Combining the Three Views

One question remains before we complete the projections for IPv4 address space. There are 43.3 /8 blocks, or some 17 percent of the total IPv4 address space that has been allocated for use, but is not visible in the Internet routing table. This is a very significant amount of address space, and if it is growing at the same rate as the advertised space, then this will have a significant impact on any overall model of consumption of the use of address space.

The question here is whether this "invisible" address pool is a legacy of the address allocations policies in place before the RIR system came into operation in the mid 1990s, or some intrinsic inefficiency in the current system. If it is the latter, then it is likely that this pool of unannounced addresses will grow in direct proportion to the growth in the announced address space, whereas if it is the former, then the size of the pool will remain relatively constant in the future.

We can look back through the RIR allocation data and look at the allocation dates of unannounced address space (Figure 8). This view indicates that the bulk of the space is a legacy of earlier address allocation practices, and that since 1997, when the RIR operation was fully established, there is an almost complete mapping of RIR allocated address space to BGP routing announcements. The recent 2003 data indicates that there is some lag between recent allocations and BGP announcements, most probably due to the time lag between an LIR receiving an allocation and subsequent assignments to end users and advertisement in the routing table.

This confirms that in recent years all the address space that has been assigned by the RIRs appears in the Internet routing table, implying that projections of the amount of address space advertised in the routing table is a good correlation to projections of address space consumption. With this in mind it is now possible to construct a model of the address distribution process, working backward from the BGP routing table address size. From the sum of the BGP table size and the LIR holding pool, we can derive the total RIR-managed address pool. To this number is added the RIR holding pool low size and its low threshold where a further IANA allocation is required. This allows a view of the entire system, projected forward over time, where the central driver for the projection is the growth in the network itself, as described by the size of the announced IPv4 address space. This is shown in Figure 9.

It would appear that the point of effective exhaustion is the point where the RIRs exhaust available address space to assign. In this model, RIR exhaustion of the unallocated address pool would occur in 2037.


Of course such projections are based on the underlying assumption that tomorrow will be much like today, and the visible changes that have occurred in the past will smoothly translate to continued change the future. This assumption obviously has some weaknesses, and many events could disrupt this prediction.

Some disruptions could be found in technology evolution. An upward shift in address take-up rates could occur because of an inability of NAT devices to support emerging popular applications. Widespread deployment of peer-to-peer applications implies the need for persistent address presentation, which may imply greater levels of requirement for public address space. The use of personal mobile IP devices (such as PDAs in their various formats) using public IPv4 addresses would place a massive load on the address space, simply because of the very large volumes associated with deployment of this technology [4].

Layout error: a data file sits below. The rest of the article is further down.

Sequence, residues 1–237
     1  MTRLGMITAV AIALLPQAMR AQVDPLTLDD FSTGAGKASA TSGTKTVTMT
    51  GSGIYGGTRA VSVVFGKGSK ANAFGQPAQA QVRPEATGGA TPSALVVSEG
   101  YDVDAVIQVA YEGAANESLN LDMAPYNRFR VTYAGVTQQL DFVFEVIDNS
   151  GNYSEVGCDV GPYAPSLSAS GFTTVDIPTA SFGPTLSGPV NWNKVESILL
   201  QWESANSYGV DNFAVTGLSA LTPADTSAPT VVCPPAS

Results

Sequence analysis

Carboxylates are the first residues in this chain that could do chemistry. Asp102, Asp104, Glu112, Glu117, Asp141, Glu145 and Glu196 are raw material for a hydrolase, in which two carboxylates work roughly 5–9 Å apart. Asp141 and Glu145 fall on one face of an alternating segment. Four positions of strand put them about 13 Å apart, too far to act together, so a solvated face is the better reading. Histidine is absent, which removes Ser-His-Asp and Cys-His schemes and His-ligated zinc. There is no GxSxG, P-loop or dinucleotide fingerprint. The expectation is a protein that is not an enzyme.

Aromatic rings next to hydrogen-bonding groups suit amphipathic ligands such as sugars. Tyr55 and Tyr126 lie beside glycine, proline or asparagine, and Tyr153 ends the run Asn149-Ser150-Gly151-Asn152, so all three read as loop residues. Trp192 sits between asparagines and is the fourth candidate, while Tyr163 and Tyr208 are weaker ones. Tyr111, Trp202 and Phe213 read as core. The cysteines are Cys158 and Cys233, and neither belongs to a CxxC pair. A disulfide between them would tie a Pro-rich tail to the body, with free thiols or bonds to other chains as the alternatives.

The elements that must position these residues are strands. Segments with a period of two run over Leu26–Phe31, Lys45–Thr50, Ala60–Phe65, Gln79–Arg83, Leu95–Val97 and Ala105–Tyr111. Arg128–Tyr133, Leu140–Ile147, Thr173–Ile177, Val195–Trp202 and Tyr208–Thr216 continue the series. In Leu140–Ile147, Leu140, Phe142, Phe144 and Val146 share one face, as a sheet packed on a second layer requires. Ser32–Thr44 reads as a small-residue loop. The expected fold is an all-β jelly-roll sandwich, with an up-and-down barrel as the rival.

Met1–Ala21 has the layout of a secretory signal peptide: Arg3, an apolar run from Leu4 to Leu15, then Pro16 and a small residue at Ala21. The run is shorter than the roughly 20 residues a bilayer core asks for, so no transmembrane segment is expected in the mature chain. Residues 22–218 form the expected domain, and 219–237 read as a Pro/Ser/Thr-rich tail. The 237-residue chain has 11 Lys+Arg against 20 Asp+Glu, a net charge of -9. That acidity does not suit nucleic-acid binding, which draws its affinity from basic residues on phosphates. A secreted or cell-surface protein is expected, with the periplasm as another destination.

Other disruptions have a social origin, such as the boom and bust cycle of Internet expansion in recent years. Another form of disruption in this category could be the adoption of a change in the distribution function. The current RIR and LIR distribution model has been very effective in limiting the amount of accumulation of address space in holding pools, and allocating addresses based on efficiency of utilization and conformance to the routing topology of the network.

Many other forms of global resource distribution use a geopolitical framework, where number blocks are passed to national entities, and further distribution is a matter of local policy [5]. The disruptive nature of such a change would be to immediately increase the number of "holding" points in the distribution system, locking away larger pools of address space from being deployed and advertised and generating a significant upward change in the overall address consumption rates due to an increase in the inefficiency of the altered distribution function.

The other factor to be aware of is the steadily decreasing "buffer" of unallocated addresses that can be used to absorb the impacts of a disruptive change in address consumption rates. Although at present some 60 percent of the address space—or some 2.6 billion addresses—are available in the unallocated address pools or held in reserve, this pool will reduce over time. If a disruptive event is, for example, a requirement to directly address some 500 million devices, then such an event would reduce the expectancy of address space availability by some years, assuming it occurred within the period when sufficient address space remains to meet such a surge of demand.

The other source of uncertainty is that this form of predictive modeling assumes that the ratios of actual connected devices and the amount of address space deployed to service this device pool remain relatively constant.